About Ellis Island
Ellis Island in New York Harbour was the entry point into the United States of America for over 12 million immigrants between 1892 and 1954. In the 19th century however, the island was the site of Fort Gibson and later, a naval magazine.
Today, Ellis Island is part of the Statue of Liberty National Monument accessed by a ferry, also home to the Ellis Island Immigration Museum and Wall of Honor.
Ellie Island history
Prior to its better-known function as an immigration control point, Ellis Island had been owned by the state of New York. The island was purchased by the federal government in 1808, first for use as a fortification as military tensions continued with Britain after the American War of Independence. Fort Gibson operated on Ellis Island as a barracks and jail for British prisoner during the war of 1812. The magazine was expanded during the Civil War but afterwards fell into decline.
Following the shift of immigration powers from individual states to the federal government in 1890, as the port for immigration into New York. Nearby Castle Garden had originally served this purpose, but more space was needed due to the influx of mostly European migrants in the 19th century.
The Ellis Island Immigration Station (which today operates as a museum) was the second such building on the Island, completed in 1900 after the original burnt down. Ellis Island served as a checking point for disease and legal issues of those incoming “steerage” passengers who could not afford a first or second ticket on the boats, as those with such tickets were assumed unlikely to have any such issues.
Ellis Island was known as the “Island of Tears” for the 2 percent of migrants refused entry to the US, usually due to being diagnosed with a contagious disease or considered likely to commit crime. However, Ellis Island was generally regarded as a symbol of hope, particularly with its location in the shadow of the Statue of Liberty, which had been dedicated in 1886.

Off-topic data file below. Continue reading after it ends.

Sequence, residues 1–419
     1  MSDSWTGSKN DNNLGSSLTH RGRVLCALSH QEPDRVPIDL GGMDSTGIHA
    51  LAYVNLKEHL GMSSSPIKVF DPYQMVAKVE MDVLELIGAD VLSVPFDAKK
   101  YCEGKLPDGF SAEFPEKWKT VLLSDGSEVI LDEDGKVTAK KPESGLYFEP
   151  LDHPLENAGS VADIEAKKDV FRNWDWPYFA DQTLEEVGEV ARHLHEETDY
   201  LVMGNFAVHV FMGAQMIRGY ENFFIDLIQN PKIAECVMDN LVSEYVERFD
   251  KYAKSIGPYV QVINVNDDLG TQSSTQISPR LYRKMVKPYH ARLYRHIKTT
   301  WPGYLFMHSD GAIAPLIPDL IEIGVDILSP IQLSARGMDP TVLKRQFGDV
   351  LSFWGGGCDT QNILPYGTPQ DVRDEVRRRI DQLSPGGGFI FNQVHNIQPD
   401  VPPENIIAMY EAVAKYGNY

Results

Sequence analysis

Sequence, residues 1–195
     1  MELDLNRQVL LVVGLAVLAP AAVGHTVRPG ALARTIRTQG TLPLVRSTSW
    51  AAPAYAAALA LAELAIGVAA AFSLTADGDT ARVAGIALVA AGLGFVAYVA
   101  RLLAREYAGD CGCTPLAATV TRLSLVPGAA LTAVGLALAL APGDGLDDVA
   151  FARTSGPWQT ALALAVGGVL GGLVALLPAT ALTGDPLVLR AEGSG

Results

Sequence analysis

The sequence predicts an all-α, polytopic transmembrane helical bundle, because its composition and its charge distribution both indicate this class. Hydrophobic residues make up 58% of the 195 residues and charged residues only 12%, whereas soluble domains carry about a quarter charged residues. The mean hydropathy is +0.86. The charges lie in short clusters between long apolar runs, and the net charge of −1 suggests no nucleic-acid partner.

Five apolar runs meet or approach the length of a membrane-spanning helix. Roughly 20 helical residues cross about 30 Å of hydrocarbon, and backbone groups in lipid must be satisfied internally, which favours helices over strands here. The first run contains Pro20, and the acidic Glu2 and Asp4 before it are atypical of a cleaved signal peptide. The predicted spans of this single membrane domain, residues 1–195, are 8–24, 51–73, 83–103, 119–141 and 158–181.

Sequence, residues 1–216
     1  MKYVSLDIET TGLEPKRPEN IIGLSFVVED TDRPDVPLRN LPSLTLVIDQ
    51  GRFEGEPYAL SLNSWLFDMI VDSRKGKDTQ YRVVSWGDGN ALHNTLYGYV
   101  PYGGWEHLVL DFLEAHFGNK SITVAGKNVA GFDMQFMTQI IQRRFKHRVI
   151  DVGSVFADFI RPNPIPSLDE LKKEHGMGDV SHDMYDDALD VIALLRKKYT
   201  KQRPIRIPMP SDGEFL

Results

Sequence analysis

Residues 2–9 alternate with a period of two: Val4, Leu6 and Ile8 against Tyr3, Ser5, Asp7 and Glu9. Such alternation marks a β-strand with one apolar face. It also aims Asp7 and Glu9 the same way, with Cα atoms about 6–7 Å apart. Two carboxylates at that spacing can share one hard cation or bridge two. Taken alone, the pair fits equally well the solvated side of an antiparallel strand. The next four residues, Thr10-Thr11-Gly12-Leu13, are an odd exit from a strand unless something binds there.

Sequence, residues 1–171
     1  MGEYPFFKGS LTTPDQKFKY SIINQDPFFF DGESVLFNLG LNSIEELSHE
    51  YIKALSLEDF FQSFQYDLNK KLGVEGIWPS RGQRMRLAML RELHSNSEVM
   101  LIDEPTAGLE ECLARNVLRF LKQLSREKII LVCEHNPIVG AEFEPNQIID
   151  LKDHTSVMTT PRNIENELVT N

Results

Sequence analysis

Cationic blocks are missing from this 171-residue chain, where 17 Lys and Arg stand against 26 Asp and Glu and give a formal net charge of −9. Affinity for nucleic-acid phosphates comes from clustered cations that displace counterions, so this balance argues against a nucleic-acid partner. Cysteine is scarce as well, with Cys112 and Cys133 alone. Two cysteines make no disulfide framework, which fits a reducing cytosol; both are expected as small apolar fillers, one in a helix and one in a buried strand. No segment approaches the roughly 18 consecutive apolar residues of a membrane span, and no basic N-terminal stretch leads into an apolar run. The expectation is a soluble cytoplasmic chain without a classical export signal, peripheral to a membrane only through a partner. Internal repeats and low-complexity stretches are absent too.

The myth that newcomers were forced to change their names has so far been left unproven, although many recent immigrants Americanised their names within the first 5 years after arriving. After 1924, Ellis Island was mostly used as a detention centre, particularly during World War Two, by which time most immigration procedures were carried out in consulates.
Ellis Island today
Enjoy a ferry journey over to Ellis Island with fantastic views of the Big Apple, overlooked by the monumental Statue of Liberty. You can still see the elegant and impressive processing room which welcomed newcomers to America, contrasted with the sterile dorms used for quarantining migrants with suspected disease.
The Ellis Island Immigration Museum offers a detailed insight into the island’s history, its role in the country’s immigration procedures and the stories of the immigrants. Primarily, the museum is a celebration of immigration and includes the Wall of Honour, which since 1990 has marked 775,000 names including those of slaves, indigenous Americans and immigrants who were not processed on the island.
Getting to Ellis Island
Visitors arrive and depart Ellis and Liberty Islands, located in New York Harbour, via ferries operated by Statue Cruises. These ferries leave from two locations: Battery Park, at the southern tip of Manhattan in New York City, and Liberty State Park in Jersey City.
Discover some of the best historic sites in the United States, from iconic sites like the White House, Statue of Liberty, and Mount Rushmore, to the more hidden historical gems like Historic Jamestowne, Taos Pueblo, and the Freedom Trail in Boston.